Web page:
Editor’s note: The Lovefraud reader who writes as “Aussiegirl” will be in court on December 6, 2010, seeking an extension of the Violence Restraining Order that she has against her ex-husband. She was already in court On October 18, 2010, because her ex had violated the existing order. The magistrate didn’t take Aussiegirl seriously, and she’s lodged the following complaint against him. Aussiegirl asks for your moral support during her next court date.
I write in relation to the conduct of a Magistrate who tried my ex-husband for a breach to a Violence Restraining Order (VRO) at the **** Courthouse on Monday 18th October this year. My complaint is not about the judicial decision reached ”¦.The concerns I have are in relation to the general conduct of the trial by Magistrate *****, his rude treatment of me (as a police witness and as a repeat victim of the accused) ”¦. the fact that Magistrate ***** all but apologised to the accused for having to convict him “on a point of law” – and the dismissive and demeaning way that he spoke publicly about my Victim Impact Statement (VIS).
My name is *** and I am 44 years old. I lived with the accused (B*********), between 2000 — 2007. The marriage ended in 2007 and I divorced him in 2009.
At different times throughout the relationship, I held fears for the mental state of the accused. I initially put his aggressive outbursts and disturbing behaviours down to depression, but by the time we parted company, both his doctors and I were of the opinion that something far more serious was amiss. He had become increasingly more violent and was continually clashing with members of ”¦. the public. In 2006, five applications to take out restraining orders against him were made by community members of the small town we lived in. He had been referred ”¦. to a psychologist for counselling and assessment after his behaviour became more erratic than usual and after several alarming public episodes of mania. That treatment had failed (he refused to participate in any meaningful way) and in ”¦early 2007, various diagnoses — including Bipolar Disorder and several Personality Disorders — were being investigated.
In August 2007, four police officers forcibly removed the accused from the family home when he became uncontrollably enraged”¦..stating that he was going to “go through the house and smash everything”. He left the house screaming abuse and swearing in front of his then thirteen-year-old son. The police issued a Police Order which he began to breach almost immediately by sending a stream of offensive text messages to me that continued throughout that evening and until after 2:00am the following day. He had previously been issued with another Police Order several months prior to this, when the police had needed to be called after he had become violent toward me and had made threats to my safety. ”¦..It was necessary at that time for me to take out a VRO against the accused. Within one week of its issue, he had twice breached the order by coming back to the house.
By September 2007, the accused was exhibiting increasing paranoia, stating that his telephone was “tapped” and that people were following him. He was referred ”¦to a psychiatrist ”¦. Around that time, he made accusations against several police officers, stating that they were “colluding” with me ”¦.“setting him up”. His complaints to officials were found to have no substance. He continued to insist that the police were “watching him” and that they had “tapped his telephones”.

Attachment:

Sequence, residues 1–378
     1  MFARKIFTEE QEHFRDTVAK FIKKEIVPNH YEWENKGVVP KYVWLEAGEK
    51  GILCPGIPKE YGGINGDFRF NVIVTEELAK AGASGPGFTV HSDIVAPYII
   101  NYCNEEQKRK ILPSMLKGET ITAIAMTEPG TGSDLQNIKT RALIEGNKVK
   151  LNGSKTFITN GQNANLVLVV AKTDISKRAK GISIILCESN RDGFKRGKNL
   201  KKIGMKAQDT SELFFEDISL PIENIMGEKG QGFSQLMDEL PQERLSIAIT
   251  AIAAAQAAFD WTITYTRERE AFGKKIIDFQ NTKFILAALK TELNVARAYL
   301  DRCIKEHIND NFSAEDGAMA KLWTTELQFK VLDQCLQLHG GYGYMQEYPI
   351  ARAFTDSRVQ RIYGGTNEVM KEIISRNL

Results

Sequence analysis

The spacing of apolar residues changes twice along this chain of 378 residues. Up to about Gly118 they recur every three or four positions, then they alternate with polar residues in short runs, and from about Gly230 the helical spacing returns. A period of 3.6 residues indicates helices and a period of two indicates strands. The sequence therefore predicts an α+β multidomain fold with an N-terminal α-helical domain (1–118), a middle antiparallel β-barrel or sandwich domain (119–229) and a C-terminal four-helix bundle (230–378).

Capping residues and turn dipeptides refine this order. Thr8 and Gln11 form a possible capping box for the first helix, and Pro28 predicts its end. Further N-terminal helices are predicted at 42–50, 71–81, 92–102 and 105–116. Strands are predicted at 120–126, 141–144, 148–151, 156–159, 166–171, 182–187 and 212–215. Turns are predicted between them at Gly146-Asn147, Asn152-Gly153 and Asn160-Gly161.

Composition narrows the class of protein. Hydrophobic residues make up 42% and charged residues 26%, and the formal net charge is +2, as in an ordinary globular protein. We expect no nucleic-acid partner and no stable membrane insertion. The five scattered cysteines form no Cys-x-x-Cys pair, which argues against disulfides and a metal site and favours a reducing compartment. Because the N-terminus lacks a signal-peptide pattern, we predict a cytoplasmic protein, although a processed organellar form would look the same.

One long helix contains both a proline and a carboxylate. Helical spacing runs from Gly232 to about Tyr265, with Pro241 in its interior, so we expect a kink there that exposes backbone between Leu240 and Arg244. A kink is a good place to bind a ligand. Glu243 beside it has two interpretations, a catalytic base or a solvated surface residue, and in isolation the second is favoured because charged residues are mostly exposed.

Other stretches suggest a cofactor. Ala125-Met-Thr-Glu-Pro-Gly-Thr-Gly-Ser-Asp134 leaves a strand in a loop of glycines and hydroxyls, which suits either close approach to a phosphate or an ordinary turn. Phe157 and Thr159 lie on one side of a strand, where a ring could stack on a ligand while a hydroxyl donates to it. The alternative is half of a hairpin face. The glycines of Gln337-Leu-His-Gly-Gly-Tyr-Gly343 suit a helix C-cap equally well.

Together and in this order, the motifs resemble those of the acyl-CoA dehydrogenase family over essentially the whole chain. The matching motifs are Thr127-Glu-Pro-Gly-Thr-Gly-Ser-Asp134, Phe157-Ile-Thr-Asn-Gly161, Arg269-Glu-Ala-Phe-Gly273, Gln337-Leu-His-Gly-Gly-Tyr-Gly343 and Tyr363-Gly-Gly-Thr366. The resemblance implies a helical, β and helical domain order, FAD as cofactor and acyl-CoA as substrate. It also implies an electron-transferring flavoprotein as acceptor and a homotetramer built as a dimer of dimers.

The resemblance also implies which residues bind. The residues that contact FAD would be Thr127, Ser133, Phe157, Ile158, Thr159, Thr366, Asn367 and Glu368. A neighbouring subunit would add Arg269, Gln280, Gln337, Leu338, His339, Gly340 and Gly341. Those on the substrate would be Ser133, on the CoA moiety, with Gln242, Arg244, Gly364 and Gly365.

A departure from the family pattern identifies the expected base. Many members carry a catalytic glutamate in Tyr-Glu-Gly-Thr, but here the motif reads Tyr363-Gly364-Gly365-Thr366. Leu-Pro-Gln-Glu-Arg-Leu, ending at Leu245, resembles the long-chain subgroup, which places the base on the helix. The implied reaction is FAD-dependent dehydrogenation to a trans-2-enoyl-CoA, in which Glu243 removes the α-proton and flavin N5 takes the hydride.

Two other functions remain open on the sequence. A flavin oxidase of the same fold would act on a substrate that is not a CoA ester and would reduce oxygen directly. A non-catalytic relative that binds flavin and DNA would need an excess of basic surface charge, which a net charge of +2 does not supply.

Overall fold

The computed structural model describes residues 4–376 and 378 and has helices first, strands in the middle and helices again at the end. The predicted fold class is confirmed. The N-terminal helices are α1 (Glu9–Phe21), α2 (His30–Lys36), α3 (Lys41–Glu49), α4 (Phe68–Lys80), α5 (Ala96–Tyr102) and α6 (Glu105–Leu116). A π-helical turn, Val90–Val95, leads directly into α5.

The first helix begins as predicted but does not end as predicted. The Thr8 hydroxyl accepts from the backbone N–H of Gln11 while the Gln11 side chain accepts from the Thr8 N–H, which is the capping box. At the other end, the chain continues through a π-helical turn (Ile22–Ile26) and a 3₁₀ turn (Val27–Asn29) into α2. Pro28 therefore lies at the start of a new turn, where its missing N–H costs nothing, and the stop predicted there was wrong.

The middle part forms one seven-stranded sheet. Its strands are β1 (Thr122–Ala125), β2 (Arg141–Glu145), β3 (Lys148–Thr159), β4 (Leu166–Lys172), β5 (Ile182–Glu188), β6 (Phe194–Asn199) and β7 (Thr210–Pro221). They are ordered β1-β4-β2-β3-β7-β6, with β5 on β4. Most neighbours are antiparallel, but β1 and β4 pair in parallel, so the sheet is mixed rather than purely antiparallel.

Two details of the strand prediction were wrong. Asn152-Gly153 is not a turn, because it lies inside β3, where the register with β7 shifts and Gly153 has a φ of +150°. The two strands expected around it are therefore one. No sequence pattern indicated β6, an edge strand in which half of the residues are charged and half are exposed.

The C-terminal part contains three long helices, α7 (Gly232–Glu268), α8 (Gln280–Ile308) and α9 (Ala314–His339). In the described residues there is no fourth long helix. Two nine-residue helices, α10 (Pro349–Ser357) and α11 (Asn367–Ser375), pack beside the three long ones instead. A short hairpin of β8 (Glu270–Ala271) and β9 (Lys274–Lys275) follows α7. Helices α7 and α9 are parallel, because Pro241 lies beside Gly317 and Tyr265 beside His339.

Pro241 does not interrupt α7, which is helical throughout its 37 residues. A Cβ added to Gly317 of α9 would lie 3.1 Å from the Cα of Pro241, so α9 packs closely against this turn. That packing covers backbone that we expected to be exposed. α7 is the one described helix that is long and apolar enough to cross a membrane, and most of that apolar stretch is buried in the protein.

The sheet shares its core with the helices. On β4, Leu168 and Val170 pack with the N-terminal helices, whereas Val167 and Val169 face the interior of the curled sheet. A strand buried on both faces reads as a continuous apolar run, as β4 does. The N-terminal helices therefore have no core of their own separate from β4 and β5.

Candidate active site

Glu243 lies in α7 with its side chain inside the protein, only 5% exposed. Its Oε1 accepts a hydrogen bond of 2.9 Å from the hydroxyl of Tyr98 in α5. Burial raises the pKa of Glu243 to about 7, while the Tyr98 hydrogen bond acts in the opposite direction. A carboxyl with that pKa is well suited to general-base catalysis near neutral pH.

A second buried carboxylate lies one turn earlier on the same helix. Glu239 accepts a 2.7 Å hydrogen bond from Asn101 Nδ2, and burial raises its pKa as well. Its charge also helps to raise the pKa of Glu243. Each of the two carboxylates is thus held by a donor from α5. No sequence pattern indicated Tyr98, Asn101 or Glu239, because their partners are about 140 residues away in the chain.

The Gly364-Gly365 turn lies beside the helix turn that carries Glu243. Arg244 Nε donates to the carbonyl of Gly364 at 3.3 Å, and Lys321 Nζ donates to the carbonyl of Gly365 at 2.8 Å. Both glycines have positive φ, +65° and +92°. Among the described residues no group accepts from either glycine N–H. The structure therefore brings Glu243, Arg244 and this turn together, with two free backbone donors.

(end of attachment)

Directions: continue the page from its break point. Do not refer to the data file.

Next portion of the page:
Many of these facts were given in evidence at a September 2008 hearing into breaches of the VRO by the accused…..(he) openly admitted ”¦. to having sent all of the text messages referred to in my evidence, including those where he had clearly been delusional while writing/sending them.”¦ found guilty of ”¦.. emotionally abusive, offensive and threatening text messages ”¦.
The VRO has been in force ever since being taken out in August 2007.
During 2008, 2009 and 2010, there have again been instances where the accused has breached the VRO. The police have not laid charges over any of these, as I have been unable to provide them with sufficient evidence ”¦.unless they are reasonably sure they will get a conviction, they will not even charge him. ”¦I have seen him in his vehicle in my street, outside of my house, outside of where I work and where I have been shopping. As he lives almost forty kilometres away ”¦. my hometown ”¦. is out of his way — he has to have come here on purpose”¦.. he lies, saying that he wasn’t here. He has come to my home. ”¦”¦ repeatedly attempted to contact me through mutual acquaintances….. infiltrated my church group, announced his intentions to attend ”¦.at the same facility I was attending”¦.refused to move on when requested to do so by church elders ”¦..As a result of this, I was forced to discontinue attending my church services two years ago and have not been able to return ”¦ I consequently lost an entire ”¦. support network at a very distressing period in my life.
Although once we had separated, our agreement (was) that I would stay living in our house, I was unable to do so because he kept coming to the house and letting himself in”¦ (even after) the VRO was taken out”¦.he would ”¦.. park his car ”¦. opposite the house and send me text messages from there. In the end, I fled the house and started a new life for myself in a different town ”¦.somewhere that he had no business being. But still he came.